Wednesday, August 21, 2013

Farewell to Genius

'Writers form themselves into the pyramid we see in all areas of human talent and human creativity.  At the bottom are the bad ones.  Above them is a group which is slightly smaller but still large and welcoming; these are the competent writers. [...] The next level is much smaller.  These are the really good writers.  Above them - above all of us - are the Shakespeares, the Faulkners, the Yeatses, Shaws, and Eudora Weltys. They are geniuses, divine accidents, gifted in a way which is beyond our ability to understand, let alone attain.'

-Stephen King, On Writing (2000)

I have spent the first half of my life rather blithely (and ridiculously - yes, I see that now) assuming I was a member of the final tier:  in with the geniuses.  It's mortifying to admit, but it's the naked truth.  I have actually been assuming that's just the sort I am by birth and that I haven't given notice to the world of this fact only because I just can't be bothered to really try.  I spun out lyrics in several bands for the better part of two decades and considered myself a gifted under-achiever.  Now that I'm really, really trying to write fiction (what I've assumed I was put here to do since I was a little kid), I know better.  I am not a genius.  I am not even in with the 'really good writers'.  I do have a gift and capacity for writing.  I am competent.  The sober self-assessment stops there.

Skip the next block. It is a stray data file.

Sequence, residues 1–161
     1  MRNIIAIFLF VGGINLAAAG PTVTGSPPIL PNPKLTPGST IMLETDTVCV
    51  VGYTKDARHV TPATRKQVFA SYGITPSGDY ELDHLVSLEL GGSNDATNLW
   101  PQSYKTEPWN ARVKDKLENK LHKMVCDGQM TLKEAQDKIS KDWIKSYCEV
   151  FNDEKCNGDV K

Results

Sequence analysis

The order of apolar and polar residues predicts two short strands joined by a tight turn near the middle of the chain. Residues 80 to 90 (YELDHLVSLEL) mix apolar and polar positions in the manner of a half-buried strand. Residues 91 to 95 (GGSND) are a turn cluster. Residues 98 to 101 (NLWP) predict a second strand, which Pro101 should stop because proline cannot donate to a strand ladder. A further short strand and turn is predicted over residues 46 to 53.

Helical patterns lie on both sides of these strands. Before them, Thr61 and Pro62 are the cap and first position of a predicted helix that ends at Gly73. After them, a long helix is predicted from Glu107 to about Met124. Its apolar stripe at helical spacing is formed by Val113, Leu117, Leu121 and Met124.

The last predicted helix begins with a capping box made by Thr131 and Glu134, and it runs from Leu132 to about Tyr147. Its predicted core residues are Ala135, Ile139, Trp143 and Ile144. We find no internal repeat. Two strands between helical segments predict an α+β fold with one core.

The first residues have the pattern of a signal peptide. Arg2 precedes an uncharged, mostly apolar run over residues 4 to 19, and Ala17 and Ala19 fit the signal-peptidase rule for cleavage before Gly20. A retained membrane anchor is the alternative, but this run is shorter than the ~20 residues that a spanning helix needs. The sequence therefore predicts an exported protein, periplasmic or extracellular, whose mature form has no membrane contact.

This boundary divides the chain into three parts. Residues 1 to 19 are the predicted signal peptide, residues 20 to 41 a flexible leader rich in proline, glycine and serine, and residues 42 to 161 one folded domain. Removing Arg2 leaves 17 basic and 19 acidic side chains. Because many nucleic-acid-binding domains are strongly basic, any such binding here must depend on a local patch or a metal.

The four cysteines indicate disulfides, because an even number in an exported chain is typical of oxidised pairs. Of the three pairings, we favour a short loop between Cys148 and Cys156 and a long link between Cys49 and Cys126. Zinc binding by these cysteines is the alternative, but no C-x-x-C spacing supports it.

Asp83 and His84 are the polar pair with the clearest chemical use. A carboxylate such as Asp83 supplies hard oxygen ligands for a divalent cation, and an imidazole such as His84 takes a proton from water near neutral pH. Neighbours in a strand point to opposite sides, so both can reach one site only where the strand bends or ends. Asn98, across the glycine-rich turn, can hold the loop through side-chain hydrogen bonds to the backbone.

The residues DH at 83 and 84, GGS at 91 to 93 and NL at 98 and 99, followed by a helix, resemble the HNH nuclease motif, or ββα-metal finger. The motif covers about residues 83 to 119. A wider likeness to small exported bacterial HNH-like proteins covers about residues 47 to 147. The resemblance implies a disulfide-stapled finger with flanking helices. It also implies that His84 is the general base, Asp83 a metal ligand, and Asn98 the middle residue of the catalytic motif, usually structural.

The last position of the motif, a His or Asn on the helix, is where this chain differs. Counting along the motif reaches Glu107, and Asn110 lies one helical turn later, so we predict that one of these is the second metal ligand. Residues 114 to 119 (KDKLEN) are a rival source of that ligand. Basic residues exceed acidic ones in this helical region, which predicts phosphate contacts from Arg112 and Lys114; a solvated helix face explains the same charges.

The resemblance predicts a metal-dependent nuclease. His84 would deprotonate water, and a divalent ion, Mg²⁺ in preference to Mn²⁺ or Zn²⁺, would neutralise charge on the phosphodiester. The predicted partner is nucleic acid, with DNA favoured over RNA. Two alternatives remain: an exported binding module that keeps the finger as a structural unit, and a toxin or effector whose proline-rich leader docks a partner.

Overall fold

King says his book is premised on the idea that competent writers can, with much effort, be trained to be good writers (even though good writers can never be trained to be great).  I consider myself on that training programme and no more.

Farewell to genius.  You were one of my more pleasant and comforting delusions and I will miss you.  But good riddance too.  For here's hoping you'll hold me back no longer from what I can really, by grace, achieve in this short bewildering life.


  1. I too have always entertained the same assumption. I am safe from realizing how untrue it is by not actually having written anything (outside of technical manuals, which I do for a living in a necessarily boring and unimaginative fashion).

    Of course Bradbury once said that the only way to become a writer is to sit down and write 2000 words a day every day, and after the first few years, you will write the junk out of your system and start coming out with the really good stuff.

    Congratulations on casting aside the shackles of genius. Now you can start really producing, and your non-genius writing will probably be good enough to fool the rest of us.

  2. Kevin, thanks so much for this comment! I'd forgotten all about it. I think I read it back when you made it and was too busy to reply right at that second and then forgot to get back to it. I really appreciate your kind and encouraging words here. I think I'm *still* writing the junk out of my system, but it feels a little more purified these days...